Movie Review - Nosferatu – 1922 Germany
The words, "timeless classic,” when applied to a horror movie, implies that it remains creepy even as cinematography, special effects and audience sophistication advance, and in the case of Nosferatu , does it ever! I'd last seen this film thirty years ago as part of a film history course, and I'd forgotten (possibly because of the poor quality of the print, the lack of music and the dry academic commentary that followed it that time) how really cool and creepy and just plain good a picture it is. Yes, I have friends who find my interest in old movies (black and white! silent! YIKES!!) mysterious, or possibly elitis, but a good story with a truly scary script, great set design, thoughtful pacing and (on the remastered DVDs now available) an outstanding score isn't a dry "timeless classic", it's fun, it’s wonderful!
Certainly the unexpectedly high degree of success of Michel Hazanavicius’ 2011 silent and black-and-white The Artist has sparked an interest in vintage films in general, and silent films in particular. This is a good thing, and if even a few movie fans take a look at the great movies of the silent era there will be a greater appreciation for the best of them, and Nosferatu is on pretty much every best-of list, and for many good reasons.
Watch this amazing movie right now:
The film was shot by F. W. Murnau in 1921 and released in 1922; he had tried and failed to buy the rights to Bram Stoker’s 1897 novel, Dracula , but persevered with the project anyway, changing the names used in the thinly veiled source material as well as never using the word “vampire,” instead using the word “nosferatu” for his creature. Emily Gerard first popularized the word in her book, Transylvanian Superstitions in 1885, and Stoker used it in his book, as well.
Here are a few more terrific silent films you might enjoy:
- Movie Review - Spies (1928 - Germany)
Fritz Lang's 1928 silent classic has been restored and is a real treat for any film lover. One of the first takes on the Evil Mastermind genre, it foreshadows the Bond/spy genre and is a good story taken on its own merits.
- Movie Review - Asphalt (1929 - Germany)
Asphalt is a little known German silent film from 1929 that features stellar performances from the stars and outstanding cinematography, set design and costumes. It's a visual feast and deserves to be watched much more often!
- Movie Review - M (1931 - Germany)
Fritz Lang's classic psychological thriller,M, features Peter Lorre in one of his signature roles as the tormented, damaged Becker,the subject of a man hunt in panic stricken Berlin.
- Movie Review - Metropolis (1927 Germany)
This beautifully restored and remastered edition of 1927 classic Metropolis let's us see Fritz Lang's vision of the future as he intended us to do, and a scary future it is!
Watch selected scenes from Nosferatu:
There are several other clear departures in Nosferatu from Dracula , notably the method of the lead character’s death, and yet the similarities far outweigh the differences between the two stories, a point not lost on Stoker’s widow, who tried to have Murnau’s film suppressed and destroyed due to copyright violations. Fortunately for all movie lovers, she failed and the film survived in various versions—contemporary releases are an attempt to duplicate Murnau’s original vision. It is believed that an extant, original print exists in the collection of Max Schreck memorabilia owned by Jens Geutebrück.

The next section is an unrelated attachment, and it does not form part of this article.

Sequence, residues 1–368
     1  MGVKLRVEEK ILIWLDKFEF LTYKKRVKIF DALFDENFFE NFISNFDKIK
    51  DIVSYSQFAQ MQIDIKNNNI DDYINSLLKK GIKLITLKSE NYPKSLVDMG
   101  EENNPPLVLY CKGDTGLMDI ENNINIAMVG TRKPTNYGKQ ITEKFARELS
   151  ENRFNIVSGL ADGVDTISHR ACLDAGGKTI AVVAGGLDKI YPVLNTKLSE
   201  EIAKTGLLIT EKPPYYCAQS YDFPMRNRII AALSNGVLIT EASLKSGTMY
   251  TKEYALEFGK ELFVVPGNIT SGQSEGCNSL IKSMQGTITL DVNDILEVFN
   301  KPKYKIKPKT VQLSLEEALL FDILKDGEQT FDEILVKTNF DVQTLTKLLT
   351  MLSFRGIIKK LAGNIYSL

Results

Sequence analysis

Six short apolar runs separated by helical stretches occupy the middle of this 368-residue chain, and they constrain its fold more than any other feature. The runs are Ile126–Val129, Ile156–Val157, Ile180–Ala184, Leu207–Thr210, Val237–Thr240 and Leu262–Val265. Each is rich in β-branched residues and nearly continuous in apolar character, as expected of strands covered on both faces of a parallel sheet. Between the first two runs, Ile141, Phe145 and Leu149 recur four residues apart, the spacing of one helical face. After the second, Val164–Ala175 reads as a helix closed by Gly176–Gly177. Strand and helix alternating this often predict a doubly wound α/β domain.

There is a 1979 remake by Werner Herzog, Nosferatu the Vampyre, staring Klaus Kinski; it follows the Stoker book more closely than does Murnau’s film. There is also a sequel to that movie titled Vampire in Venice, also staring Kinski. Both are interesting films but in my opinion no way near as well made and scary as Nosferatu . For a special treat, watch Nosferatu as a double feature with the 2000 picture Shadow of the Vampire , which is a fable about the earlier film.
Here's more about Shadow of the Vampire:
- Movie Review - Shadow of the Vampire (2000 - United States)
In 1921 F.W. Murnau began filming his version of the Dracula story, Nosferatu. Rumors swirled that cast and crew members were mysteriously disappearing from the set in Czechoslovakia, and that lead actor Max Schreck was not who he claimed to be. Shad
Watching Shadow of the Vampire provides added insight into the magic of Nosferatu , since the technology with which Murnau created the earlier film is showcased in the homage to it, and we get a sense of the real difficulties presented by early cinematography. One of the wonders of Nosferatu is how well the limitations of the cameras and lighting of the era add to, rather than subtract from, Murnau’s telling of the story. The vampire moves in the shadows and Murnau’s film slips through the darkness, following behind—which became the classic methodology of all horror films.
Murnau’s film deserves watching on its own merits, however, not only because it’s a pioneering work, a technical wonder, a masterpiece of makeup and one of the first films to exploit the use of glimpses of a real location (a few exteriors were shot at Orava Castle in Slovakia) to give a movie a sense of authenticity. Watch it because it’s a really good movie.
(I am an artist and the author of the Suburban Sprawl series of novels as well as two nonfiction books. Find out more about my work at RobertaLeeArt.com.)
Copyright © Roberta Lee 2012. All rights reserved.
Orava Castle in Slovakia - Home of Nosferatu & used as a location set in the Movie
Genre: Horror, Art House & International, Classics, Science Fiction & Fantasy
Running Time: 1 hr. 3 min.
Directed By: F.W. Murnau
In Theaters: Mar 4, 1922 Wide
On DVD: Oct 22, 1997
Distributed By: Film Arts Guild
Max Schreck - Graf Orlok / Nosferatu
Gustav von Wangenheim - Hutter
Greta Schröder - Ellen Hutter
Alexander Granach - Knock
Georg H. Schnell - Harding
Ruth Landshoff - Annie